• Record your performance occasionally to analyze strengths and weaknesses

This is how adult beginners have fun learning the piano

  • Beginner method books typically aim at little children. But adult brains learn in a different way.
  • Adults are self-motivated, they want to decide both method and tempo themselves, and to plan their learning experience.
  • This can be a huge advantage: You will have acquired both a distinct experience and taste in music, which can work to motivate you if you take it into account when choosing piano music to play.
  • Any previous learning experience supports your piano learning process. Adult piano beginners expect recommendations, instruction and a customized and personalized sheet music choice that enables them to progress autonomously.
  • Start your joyful, self-determined piano journey - at any age.

Frequently asked questions

  • How do I learn to read sheet music as a beginner?
    If you're able to read letters you are perfectly capable of reading sheet music! Good beginner method books and videos will make it easy to access music notation. It won't take you long to figure out the basics, and after that, you need to keep up with it and consolidate your new skill.
  • How do I find sheet music for beginners?
    If you search the web for sheet music, pay attention to whether it is suitable for beginners. Ideally, you'll find sheet music and audio samples so you can hear how the results of your practice are supposed to sound. Consider taking a few lessons in the beginning, or work your way through a beginner method book by a renowned publisher. Online lessons are yet another viable option.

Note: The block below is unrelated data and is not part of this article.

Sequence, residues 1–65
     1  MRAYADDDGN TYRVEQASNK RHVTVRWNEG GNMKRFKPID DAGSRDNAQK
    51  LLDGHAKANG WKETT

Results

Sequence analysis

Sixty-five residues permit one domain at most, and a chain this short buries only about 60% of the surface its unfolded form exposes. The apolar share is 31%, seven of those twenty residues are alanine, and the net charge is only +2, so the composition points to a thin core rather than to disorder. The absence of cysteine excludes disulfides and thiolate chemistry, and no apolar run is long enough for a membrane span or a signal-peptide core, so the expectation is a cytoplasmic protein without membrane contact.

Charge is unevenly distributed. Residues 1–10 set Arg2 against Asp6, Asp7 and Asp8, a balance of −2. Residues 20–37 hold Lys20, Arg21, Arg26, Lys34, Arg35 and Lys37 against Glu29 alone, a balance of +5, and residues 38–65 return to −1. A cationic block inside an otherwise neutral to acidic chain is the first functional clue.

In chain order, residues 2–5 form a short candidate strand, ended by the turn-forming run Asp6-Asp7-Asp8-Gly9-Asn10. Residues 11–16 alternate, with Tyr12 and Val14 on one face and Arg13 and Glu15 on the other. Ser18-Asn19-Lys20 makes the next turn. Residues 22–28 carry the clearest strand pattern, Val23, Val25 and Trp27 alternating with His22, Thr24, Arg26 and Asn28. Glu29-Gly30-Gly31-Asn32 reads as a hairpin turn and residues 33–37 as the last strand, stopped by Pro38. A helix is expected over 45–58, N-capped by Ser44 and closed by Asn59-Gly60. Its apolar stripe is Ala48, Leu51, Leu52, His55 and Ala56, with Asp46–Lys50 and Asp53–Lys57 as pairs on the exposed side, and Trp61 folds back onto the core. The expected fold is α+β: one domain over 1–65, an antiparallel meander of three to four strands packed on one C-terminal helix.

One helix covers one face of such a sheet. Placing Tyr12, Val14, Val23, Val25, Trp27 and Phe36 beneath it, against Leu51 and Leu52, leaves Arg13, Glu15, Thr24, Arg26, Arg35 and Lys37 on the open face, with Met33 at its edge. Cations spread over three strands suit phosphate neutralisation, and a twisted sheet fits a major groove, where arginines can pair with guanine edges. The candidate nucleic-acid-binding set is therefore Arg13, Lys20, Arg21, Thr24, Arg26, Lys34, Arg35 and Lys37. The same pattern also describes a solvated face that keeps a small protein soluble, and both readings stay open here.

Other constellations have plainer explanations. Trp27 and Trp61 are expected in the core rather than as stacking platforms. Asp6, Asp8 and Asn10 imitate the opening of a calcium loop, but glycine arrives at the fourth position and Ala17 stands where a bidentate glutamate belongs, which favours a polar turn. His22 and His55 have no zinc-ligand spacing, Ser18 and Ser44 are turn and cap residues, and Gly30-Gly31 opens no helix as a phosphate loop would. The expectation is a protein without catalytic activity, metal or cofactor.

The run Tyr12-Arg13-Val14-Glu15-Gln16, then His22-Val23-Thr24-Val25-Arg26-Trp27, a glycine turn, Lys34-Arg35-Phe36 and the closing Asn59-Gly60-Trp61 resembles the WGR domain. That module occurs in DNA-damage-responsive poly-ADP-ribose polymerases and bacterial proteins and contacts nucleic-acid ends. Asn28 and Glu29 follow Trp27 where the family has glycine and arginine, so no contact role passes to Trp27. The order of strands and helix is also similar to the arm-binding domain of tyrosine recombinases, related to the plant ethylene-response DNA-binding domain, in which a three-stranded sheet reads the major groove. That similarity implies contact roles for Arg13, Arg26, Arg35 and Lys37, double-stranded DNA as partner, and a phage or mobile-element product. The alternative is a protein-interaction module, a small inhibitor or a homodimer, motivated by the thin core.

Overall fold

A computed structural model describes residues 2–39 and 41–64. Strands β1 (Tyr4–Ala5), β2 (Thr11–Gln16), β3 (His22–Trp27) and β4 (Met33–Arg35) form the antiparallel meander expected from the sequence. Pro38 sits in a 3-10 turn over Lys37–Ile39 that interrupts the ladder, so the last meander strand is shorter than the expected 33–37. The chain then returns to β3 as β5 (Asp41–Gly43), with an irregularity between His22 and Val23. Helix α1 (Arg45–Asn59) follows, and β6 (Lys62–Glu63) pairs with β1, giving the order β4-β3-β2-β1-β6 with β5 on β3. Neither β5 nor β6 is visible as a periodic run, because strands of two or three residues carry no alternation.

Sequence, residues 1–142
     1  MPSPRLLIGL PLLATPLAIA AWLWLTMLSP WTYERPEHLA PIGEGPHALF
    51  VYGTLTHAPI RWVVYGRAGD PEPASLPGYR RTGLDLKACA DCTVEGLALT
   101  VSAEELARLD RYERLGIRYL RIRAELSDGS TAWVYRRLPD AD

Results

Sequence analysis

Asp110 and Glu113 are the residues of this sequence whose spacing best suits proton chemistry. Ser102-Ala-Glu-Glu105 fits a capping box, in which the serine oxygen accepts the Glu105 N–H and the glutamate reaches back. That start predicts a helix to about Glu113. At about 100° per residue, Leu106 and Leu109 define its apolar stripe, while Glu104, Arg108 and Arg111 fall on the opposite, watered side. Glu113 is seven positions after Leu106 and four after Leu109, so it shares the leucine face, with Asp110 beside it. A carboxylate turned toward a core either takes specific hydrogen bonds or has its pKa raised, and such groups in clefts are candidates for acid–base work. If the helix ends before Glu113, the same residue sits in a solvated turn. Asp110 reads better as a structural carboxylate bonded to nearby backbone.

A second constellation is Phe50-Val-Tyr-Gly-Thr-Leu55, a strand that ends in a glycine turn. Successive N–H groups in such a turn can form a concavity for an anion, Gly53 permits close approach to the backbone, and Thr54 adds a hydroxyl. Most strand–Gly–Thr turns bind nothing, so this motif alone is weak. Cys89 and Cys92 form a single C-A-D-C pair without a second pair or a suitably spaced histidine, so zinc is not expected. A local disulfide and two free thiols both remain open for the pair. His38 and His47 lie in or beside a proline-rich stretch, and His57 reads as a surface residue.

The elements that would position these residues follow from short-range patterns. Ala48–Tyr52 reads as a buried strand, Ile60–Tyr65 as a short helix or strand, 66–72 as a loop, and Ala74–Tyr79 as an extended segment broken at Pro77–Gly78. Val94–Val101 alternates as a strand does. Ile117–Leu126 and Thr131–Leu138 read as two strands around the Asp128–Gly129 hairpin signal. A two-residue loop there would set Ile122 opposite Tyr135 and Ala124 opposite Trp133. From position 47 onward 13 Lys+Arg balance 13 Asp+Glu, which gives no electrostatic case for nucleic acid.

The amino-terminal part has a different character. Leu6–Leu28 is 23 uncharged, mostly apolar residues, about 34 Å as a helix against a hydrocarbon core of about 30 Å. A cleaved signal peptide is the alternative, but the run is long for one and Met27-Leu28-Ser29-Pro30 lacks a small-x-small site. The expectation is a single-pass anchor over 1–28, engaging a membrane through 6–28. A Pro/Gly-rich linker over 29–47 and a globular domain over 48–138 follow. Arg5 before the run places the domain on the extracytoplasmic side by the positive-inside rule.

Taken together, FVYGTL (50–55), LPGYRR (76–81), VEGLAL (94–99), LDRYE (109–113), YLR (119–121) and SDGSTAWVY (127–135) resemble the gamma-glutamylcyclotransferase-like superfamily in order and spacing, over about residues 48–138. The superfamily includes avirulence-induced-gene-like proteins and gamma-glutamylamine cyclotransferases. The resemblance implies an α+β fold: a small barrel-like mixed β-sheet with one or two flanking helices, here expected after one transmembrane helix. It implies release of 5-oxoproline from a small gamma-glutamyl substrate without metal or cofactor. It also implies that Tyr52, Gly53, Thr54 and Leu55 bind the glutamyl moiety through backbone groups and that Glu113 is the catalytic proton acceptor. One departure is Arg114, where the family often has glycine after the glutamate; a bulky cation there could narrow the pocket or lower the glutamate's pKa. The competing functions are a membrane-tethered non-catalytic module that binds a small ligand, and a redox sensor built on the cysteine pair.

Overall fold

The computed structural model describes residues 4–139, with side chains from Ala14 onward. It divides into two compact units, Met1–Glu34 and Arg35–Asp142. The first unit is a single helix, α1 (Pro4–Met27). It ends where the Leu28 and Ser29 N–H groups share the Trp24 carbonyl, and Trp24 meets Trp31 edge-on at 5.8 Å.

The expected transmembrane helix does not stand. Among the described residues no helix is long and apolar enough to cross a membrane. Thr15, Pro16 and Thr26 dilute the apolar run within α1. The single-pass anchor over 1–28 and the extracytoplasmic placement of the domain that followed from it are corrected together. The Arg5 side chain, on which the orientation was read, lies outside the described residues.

• Which instrument works for beginners?
    Your main consideration should comprise three aspects - a licensed vendor will be able to advise you in detail. Here are a few thoughts: The feel of playing a mechanical piano is incomparable, but the expense for maintenance (tuning, transportation, space ...) is higher, too, compared to a good e-piano or a stage piano (even more portable than an e-piano, this is a basic piano without any surrounding "carapace", stand and pedal are bought separately. There are good-quality used instruments available. If you buy an e-piano pay attention to a good, piano-like keyboard feel. You don't have to worry about the number of instrument sounds your instrument offers.
  • Can I teach myself to play the piano, without any teacher?
    Yes, you can. Good method book and digital learning platforms offer to teach you tailor-made programs to enable you to cross the finishing line - even if you don't have any idea about reading sheet music or playing an instrument. But you need to be persistent because regular practice is important. If you want to, there's always the option of hiring a piano coach if you have insurmountable difficulty when learning alone.
  • How much time should I reserve for practice each day?
    Every day or every other day, if you can. At least one quarter of an hour. This is more effective than torturing oneself for hours with one huge practice session.